In its search for answers in the E. coli foodborne illness out break linked to romaine, the Food and Drug Administration put a tighter focus on Adam Bros. Farming in mid-December.
The agency on Dec. 17 added notice of a sub-recall and updates the investigation of the multistate outbreak of E. coli O157:H7 illnesses linked to romaine lettuce grown in California this fall.
The agency said on Dec. 13, Adam Bros. Farming, Inc., in Santa Barbara County, recalled products that may have come into contact with water from the water reservoir where the outbreak strain was found. The FDA said the firm recalled red leaf lettuce, green leaf lettuce and cauliflower harvested on Nov. 27 through Nov. 30. According to the firm, cauliflower was distributed to wholesalers in the U.S. Mexico, and Canada.
The company issued a statement on Dec. 19 said it was cooperating with FDA and other health officials. The company said the FDA’s website, as of Dec. 17, indicated the agency had no concerns about products from Adam Bros. that did not come into contact with water from a reservoir that was tested earlier this month.
The company, stating that “food safety is part of everything we do,” said that FDA has recognized that Adam Bros. is working with federal food safety agencies.
“Since we were first notified by regulators of this situation, Adam Bros. has voluntarily issued a recall and has been cooperating with government agencies and working nonstop, along with FDA personnel, to determine if, and/or how one of its water systems is involved.”
The statement said Adams Brothers operates several ranches located between five and 20 miles away from the water reservoir in question. “None of these other ranches share a water source or are in any way connected to the reservoir that FDA is focusing on,” the company said. “These ranches are separate and distinct and the vegetables grown on them can be sold and consumed with confidence.”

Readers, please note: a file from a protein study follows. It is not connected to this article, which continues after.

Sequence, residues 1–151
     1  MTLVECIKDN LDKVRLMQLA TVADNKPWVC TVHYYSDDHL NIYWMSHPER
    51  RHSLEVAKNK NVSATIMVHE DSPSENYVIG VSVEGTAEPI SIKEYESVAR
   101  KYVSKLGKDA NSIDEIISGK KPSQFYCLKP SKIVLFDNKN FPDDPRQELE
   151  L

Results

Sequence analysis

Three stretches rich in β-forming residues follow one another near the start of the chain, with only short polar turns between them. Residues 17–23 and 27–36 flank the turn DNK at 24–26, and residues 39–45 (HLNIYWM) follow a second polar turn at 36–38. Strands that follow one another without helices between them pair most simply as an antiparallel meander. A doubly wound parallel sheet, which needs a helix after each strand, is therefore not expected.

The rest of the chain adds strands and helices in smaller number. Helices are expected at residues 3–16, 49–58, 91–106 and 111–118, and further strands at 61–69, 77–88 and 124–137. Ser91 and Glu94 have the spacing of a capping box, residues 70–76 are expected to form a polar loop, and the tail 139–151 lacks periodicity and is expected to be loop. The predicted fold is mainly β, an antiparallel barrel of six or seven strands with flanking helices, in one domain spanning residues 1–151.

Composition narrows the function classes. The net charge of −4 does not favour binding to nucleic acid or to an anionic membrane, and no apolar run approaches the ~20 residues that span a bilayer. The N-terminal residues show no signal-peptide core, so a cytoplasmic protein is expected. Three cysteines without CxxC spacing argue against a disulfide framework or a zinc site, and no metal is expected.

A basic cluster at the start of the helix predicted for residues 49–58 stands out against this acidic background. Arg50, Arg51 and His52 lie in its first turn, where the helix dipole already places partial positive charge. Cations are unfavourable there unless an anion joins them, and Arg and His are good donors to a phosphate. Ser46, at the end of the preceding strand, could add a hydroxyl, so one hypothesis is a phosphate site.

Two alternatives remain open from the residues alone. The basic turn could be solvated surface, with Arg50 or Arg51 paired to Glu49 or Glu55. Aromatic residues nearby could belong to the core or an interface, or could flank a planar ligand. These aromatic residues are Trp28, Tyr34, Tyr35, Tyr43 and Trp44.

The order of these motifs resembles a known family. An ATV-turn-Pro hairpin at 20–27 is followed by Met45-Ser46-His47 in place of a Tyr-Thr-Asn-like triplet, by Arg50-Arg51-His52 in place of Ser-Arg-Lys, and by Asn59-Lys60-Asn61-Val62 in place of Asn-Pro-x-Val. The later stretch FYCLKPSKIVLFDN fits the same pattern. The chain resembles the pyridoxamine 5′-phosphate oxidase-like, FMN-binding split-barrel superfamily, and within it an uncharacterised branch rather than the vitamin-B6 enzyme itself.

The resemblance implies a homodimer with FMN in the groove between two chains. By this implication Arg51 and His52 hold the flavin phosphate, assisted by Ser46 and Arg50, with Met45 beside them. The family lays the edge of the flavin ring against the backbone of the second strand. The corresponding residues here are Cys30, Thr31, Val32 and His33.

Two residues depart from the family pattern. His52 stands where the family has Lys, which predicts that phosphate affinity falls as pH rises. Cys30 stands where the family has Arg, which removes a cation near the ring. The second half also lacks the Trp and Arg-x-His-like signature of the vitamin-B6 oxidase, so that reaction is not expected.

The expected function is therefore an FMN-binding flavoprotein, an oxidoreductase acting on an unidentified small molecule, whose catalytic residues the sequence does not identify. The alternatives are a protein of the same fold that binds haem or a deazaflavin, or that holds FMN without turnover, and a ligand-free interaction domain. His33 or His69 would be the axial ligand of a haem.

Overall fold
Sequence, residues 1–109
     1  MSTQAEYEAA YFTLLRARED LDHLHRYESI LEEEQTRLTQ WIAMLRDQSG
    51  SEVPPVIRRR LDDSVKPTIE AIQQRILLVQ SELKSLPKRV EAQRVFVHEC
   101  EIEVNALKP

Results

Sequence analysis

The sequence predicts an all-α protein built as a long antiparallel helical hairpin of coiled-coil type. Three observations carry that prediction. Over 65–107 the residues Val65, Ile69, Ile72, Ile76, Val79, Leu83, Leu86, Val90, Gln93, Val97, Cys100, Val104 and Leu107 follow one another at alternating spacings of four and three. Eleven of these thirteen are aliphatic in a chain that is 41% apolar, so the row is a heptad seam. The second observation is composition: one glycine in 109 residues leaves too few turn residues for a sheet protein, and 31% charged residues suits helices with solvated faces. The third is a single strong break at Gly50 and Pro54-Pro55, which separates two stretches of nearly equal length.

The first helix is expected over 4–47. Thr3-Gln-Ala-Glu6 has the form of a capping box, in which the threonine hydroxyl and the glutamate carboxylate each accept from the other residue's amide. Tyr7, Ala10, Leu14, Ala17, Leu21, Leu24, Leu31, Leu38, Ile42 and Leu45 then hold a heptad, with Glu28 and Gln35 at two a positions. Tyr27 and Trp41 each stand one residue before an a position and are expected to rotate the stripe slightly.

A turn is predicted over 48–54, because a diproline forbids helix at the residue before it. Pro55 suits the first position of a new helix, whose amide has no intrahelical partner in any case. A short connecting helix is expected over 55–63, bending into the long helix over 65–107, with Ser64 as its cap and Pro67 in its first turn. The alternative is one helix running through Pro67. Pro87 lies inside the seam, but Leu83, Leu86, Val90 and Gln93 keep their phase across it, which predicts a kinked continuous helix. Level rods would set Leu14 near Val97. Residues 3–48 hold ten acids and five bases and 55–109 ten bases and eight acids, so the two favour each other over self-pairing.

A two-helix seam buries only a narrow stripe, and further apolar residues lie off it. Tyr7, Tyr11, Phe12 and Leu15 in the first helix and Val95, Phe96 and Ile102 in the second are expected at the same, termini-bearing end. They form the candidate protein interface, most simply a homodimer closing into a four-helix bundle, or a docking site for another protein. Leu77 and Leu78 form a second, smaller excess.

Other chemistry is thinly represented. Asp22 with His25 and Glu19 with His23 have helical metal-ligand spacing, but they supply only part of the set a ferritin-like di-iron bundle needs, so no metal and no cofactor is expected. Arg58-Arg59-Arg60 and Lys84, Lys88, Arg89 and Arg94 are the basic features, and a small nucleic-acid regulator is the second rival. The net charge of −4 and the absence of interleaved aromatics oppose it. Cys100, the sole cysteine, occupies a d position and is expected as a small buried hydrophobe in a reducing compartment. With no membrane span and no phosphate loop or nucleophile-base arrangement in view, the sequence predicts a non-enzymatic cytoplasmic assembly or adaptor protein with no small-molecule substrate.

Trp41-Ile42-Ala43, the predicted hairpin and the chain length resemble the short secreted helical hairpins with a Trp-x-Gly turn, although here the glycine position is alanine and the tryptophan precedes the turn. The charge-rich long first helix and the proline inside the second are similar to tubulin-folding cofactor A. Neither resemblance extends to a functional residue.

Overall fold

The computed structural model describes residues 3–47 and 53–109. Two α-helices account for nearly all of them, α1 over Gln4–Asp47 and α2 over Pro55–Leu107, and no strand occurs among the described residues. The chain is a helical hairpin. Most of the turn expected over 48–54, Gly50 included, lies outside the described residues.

“We hope that FDA’s statement will restore the produce industry’s confidence and trust in Adam Bros. as a six generation, vertically integrated family farm in Santa Maria Valley,” Peter Adam, a co-owner of Adam Brothers, said in the statement. “We have vegetables - broccoli, cauliflower and celery - grown on ranches that are on the other side of the valley, and FDA’s statement now makes it clear that these products are not the agency’s focus.”
Adam Bros. Farming is one of a very few handler shippers of leafy greens that are not now a part of the California Leafy Greens Marketing Agreement, a voluntary group organized to address food safety issues in leafy greens production, according to Scott Horsfall, CEO of California’s LGMA.
Horsfall said the company was a member of LGMA early on but has not been part of the group since about 2009.
While he couldn’t speak to Adams Bros. food safety testing and systems, Horsfall said LGMA has tried to communicate to buyers the value of LGMA membership.
“We’ve always tried to communicate to buyers that it is really important for them to help enforce the program by having policies (that) they only buy from (LGMA) members,” he said.
Horsfall said it is impossible to know if LGMA membership could have helped Adams Bros. prevent contamination of fresh produce.
“We require a certain amount of microbial testing (for all) growers’ water sources,” he said, noting that FDA also conducted tests not normally done in LGMA audits. “It’s hard to say whether things might have been different.”
In an email statement to The Packer, Adam Bros. Farming said the following about the question of LGMA membership:
"As a grower, there are many equally valid and well-recognized food safety regimes to choose from. We grow more than leafy greens so our food safety programs must also apply to many different products. We have never wavered in our commitment to follow FSMA standards set by FDA, customer food safety requirements, and industry practices based on science."
The Adam Bros. recall has prompted a Dec. 15 sub-recall by Spokane Produce Inc. of Spokane, Wash. The firm recalled sandwiches and other products under the Northwest Cuisine Creations and Fresh&Local labels.
The FDA said the total illness count is 59 from 15 states and the District of Columbia, and the number of hospitalizations number 23 as of Dec. 17.
In another recall, Wegmans recalled four fresh cauliflower items Dec. 18 after notification by a supplier that the products could be contaminated with E. coli.
Cleveland-based Produce Packaging initiated the recall, according to a news release. The products were distributed to 98 stores in New York, New Jersey, Pennsylvania, Maryland, Virginia and Massachusetts and sold between Dec. 7 and Dec. 18.